Every so often, I hear comments on how ugly the Museo dell’Ara Pacis is. I’ve heard the Richard Meier-designed museum called a mistake, an eyesore and an incongruous box that has nothing to do with Rome. Blah blah blah. The modernist monument Ara Pacis Museum has not ruined the landscape – it’s a flatbed roof building, hidden far below Rome’s domes. If anything it’s invigorated the cityscape. And it’s a not-to-miss museum.
Augustus’s Temple of Peace
The Ara Pacis museum was designed as renewed setting for the Ara Pacis, aka Temple of Peace, a sacrificial altar dating to 9 B.C. built by Augustus Caesar to celebrate Pax Romana, his strong-handed and trademarked peace that lasted until his death.
Originally located a few hundred feet south in the current Piazza San Lorenzo in Lucina, the Altar all but disappeared from the landscape with the implosion of Rome and city flooding. Over the centuries, bits and bobs were unearthed and pilfered for private collections- like the Louvre, but in the late 1930s, archaeologists found remaining bas relief and reassembled the structure with original pieces and casts, re-erecting the temple in its present location.
I love visiting this museum for some many reasons- mine tend to veer on lines and architecture, but what makes this museum so incredible is that it is dedicated entirely to a single structure and its incredible details. A free standing altar, the Ara Pacis is covered with very detailed scenes from Roman mythology, gorgeous flora and fauna, and an Augustus celebration with priests, the general Marcus Agrippa and the entire imperial family. You can spend hours on each side looking for hidden details.
The museum is also immersion in Augustus and the Julio Claudio family. There are busts showing off family members, and a detailed family tree which can spin your head with the overlapping relationships. There is a model of the Campo Marzio depicting the area as it was in 9BC, showing the altar’s geographical positioning and relationship to the Pantheon and Mausoleum of Augustus, as well as a video area that shows the evolution and disappearance of the altar in its original location. Additionally there are temporary exhibitions, often contemporary themes, in the basement galleries.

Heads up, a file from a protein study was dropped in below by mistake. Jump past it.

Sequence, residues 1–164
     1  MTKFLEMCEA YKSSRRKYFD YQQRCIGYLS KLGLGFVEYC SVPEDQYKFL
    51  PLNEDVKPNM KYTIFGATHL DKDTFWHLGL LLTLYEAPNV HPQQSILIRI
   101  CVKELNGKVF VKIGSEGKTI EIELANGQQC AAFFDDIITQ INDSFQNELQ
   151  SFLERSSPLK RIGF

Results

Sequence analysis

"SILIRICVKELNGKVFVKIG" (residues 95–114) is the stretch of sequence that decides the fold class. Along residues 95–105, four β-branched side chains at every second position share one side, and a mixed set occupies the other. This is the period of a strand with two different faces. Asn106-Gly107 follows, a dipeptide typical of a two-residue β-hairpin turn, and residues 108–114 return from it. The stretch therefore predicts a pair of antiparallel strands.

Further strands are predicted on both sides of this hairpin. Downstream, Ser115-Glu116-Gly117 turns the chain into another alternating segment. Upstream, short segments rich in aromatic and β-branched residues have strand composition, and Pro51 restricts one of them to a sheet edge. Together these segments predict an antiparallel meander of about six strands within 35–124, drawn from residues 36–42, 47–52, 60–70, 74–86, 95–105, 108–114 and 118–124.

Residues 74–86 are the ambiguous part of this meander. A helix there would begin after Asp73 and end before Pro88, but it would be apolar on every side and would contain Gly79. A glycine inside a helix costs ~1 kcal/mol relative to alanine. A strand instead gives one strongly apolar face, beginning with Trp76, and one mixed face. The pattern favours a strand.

On the exterior travertine lower wall is the entire Res Gestate, a monumental Latin inscription and August’s first-person record of his life and accomplishments. Day or night, it is gorgeous.
“All he does is stand there. Yeah, but it’s the way he stands,” responds John Lennon to Paul McCartney’s complaint about Stu Sutcliffe in the movie Backbeat. This is what I think about every time I walk by the Ara Pacis, and how initially wrote this piece in 2006 when the museum re-opened after years of work. It’s not just a white box. It’s how that box stands in time and cityscape.
Rectilinear lines, travertine and two walls of floor to ceiling windows, there is nothing ancient about the Ara Pacis. And that’s the entire point. The building wants to bring you into the museum and a conversation on the confrontation between classical and contemporary. Whether you are just catching a glimpse while sitting in traffic or walking, you are given a direct peek in to the ancient temple and subsequently direct interaction with Augustus and Ancient Rome, just as it was originally planned 2000 years ago.
The windows give a “Through the looking glass” feeling. Transparency, temporality and movement of time is the conversation, whether gazing into the ancient temple or standing in the clean lines and looking at today’s traffic.
Richard Meier is not my favorite architect. However, I can safely say I do not hate this structure as basic design. I find faults with some components like the obvious components like his signature on Travertine and the North East (back) corner which reminds me of a chalky white shoe box. Approaching the Ara Pacis from Piazza del Popolo (via Ripetta), there is less wow and more deja vu- are we walking up to a Staples Office Supply. Ever since its 2006 inauguration, I’ve hoped that the exterior walk becomes covered in street and/or public art and thus fully meld Ancient Rome with its future.
A word from the international press
When I originally wrote this post in 2006, I was angry at the hate i found in so many international publications. I thought I’d share some of the Ara Pacis bulling from the International Herald Tribune New York Times, and Newsweek.